Truck Stop Troubadour Volume 6-This Is The Life

By the summer of 2010 I was in a lot of trouble and it was iffy whether or not I'd see the autumn of 2010. My "partying "-- which is usually the code word for "substance abuse issues"--went on for a decade or two longer than it should've and I was getting sicker and sicker.  
I'm not ashamed to say that I was hitting bottom. No girlfriend, no job, no real friends, no music--just a whole lot of nothing.  
I was living in Rosendale and I remember one Sunday morning sitting on a bench smoking a cigarette by the bakery in that strange indescribable vacuum when a couple in their their thirties pulled up with their pre-school aged children. I remember wistfully thinking how I shut myself off from ever having a life like that. I remember trying to convince myself that I wasn't missing anything but stress and drudgery and I remember not really believing it.  
Another week went by and my health plummeted. I called a taxi to go to the hospital and they told me an ambulance was coming to take me to Albany Med. The wall of denial that I cleverly wrapped myself in was beginning to crumble away. I needed emergency surgery as soon as possible.  
As I laid in the back of that ambulance for that hour, I thought about a lot of different things. The decisions I made all my life that resulted in where I was at that moment. I wondered if I was going to die.  
But then my thoughts shifted to that couple by the bakery.  I thought if they pulled me through, I'd get clean, I'd meet someone, I'd eventually learn to do something I could make money at. Maybe start a family.  
Yup. If I survive this, I thought, I would never look back.  
I did survive and I never looked back.  
After having a year clean I began dating Lea and I was so in love and just happy to be alive and clean.  At two years clean I went to truck driving school in the daytime and drove a cab at night.  Lea was pregnant with Gloria. At three years clean I was a new father and doing ok as a new truck driver.  At four years clean I got a truck driving job in Newburgh and no longer living in a truck-Lea was pregnant with River.  At five years clean, I earned more than 70% of the US population. And here with almost six years clean, I have designed a life that was at one time a dream I did not have the audacity to think about.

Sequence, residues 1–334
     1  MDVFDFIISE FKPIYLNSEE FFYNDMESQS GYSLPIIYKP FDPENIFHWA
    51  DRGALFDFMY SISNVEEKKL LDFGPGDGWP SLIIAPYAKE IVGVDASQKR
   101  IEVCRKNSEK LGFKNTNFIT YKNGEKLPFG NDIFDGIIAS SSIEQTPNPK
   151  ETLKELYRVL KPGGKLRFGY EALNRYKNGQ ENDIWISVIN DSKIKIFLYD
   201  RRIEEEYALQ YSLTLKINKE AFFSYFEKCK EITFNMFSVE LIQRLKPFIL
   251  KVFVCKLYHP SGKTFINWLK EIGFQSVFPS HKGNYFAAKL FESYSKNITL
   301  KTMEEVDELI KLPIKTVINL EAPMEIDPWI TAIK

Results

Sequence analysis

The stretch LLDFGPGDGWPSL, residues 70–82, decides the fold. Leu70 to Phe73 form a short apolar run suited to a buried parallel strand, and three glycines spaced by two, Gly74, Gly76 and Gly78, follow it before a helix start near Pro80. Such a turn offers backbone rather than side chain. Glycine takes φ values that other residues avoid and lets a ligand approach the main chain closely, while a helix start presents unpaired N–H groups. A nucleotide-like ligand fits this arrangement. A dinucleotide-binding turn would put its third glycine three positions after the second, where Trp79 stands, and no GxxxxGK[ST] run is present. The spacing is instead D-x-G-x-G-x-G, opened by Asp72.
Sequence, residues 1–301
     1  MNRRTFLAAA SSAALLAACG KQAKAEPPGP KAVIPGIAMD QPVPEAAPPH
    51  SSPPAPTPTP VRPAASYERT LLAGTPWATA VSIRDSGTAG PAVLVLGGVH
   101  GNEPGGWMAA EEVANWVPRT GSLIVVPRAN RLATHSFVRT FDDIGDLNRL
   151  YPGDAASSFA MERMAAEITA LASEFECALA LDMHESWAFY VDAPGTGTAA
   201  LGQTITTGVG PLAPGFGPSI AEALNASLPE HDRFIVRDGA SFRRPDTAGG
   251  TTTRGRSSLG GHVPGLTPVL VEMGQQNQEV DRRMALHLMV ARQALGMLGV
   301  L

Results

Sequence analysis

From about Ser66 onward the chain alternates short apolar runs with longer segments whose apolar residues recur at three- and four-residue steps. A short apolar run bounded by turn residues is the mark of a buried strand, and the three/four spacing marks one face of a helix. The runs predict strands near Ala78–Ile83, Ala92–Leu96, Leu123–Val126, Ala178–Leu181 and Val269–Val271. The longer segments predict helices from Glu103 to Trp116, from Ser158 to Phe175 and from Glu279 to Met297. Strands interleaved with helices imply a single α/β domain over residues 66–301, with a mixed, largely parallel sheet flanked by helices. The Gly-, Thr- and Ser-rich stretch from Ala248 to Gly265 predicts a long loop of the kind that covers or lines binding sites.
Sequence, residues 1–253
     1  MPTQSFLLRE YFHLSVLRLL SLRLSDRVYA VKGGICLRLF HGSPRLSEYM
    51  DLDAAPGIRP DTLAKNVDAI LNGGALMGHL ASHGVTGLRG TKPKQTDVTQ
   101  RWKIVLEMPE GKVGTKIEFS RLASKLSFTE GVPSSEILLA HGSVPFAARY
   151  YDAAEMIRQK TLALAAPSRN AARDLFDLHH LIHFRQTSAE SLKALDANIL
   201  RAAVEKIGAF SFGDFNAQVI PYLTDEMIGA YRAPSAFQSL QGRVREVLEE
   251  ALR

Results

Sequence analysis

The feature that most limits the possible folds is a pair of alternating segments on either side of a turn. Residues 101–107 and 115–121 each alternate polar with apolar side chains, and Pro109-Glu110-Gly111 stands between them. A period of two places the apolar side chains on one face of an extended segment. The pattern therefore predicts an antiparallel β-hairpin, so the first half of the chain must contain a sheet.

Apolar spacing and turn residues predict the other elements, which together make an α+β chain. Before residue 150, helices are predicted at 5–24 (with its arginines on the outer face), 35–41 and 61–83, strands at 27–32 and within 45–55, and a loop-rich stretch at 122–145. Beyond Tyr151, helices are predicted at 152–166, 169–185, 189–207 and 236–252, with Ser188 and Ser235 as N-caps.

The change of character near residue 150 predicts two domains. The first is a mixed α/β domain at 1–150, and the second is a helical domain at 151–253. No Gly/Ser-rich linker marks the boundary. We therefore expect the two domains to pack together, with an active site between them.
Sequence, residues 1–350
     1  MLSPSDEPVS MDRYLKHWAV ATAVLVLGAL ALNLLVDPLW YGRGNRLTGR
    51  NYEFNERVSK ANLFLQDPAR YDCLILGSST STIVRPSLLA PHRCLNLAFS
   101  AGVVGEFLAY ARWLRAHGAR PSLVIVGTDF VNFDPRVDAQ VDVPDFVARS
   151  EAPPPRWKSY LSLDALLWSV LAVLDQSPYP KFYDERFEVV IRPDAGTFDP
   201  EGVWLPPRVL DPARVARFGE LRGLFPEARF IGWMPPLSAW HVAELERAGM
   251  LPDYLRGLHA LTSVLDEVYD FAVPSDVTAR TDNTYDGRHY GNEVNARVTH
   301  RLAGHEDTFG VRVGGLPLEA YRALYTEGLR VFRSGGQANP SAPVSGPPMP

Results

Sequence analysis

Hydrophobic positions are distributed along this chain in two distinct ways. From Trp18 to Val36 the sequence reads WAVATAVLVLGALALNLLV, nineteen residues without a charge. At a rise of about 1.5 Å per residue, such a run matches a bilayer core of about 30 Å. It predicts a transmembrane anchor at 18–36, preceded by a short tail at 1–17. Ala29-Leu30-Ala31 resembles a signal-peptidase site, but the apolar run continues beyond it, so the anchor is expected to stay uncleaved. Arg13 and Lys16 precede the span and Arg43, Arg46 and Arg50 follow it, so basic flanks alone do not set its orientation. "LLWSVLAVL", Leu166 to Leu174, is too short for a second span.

People from time to time ask me why I work 70 hours a week driving and then play as many gigs as I can. But if they knew where I came from and how far I have traveled, they would know.  Try to imagine what it feels like to go from near death to the ability to single-handedly support a family. The flood of emotions I feel from time to time when I stand back and look at everything is intense.
So when our house becomes a cacophony of baby cries, toddler whines, dogs barking, puppies running around chaotically, Lea's mom trying to discipline the puppy, Lea trying to discipline our three year old and a Disney movie playing in the background, I just close my eyes and think, "Ahhh...this is the life."

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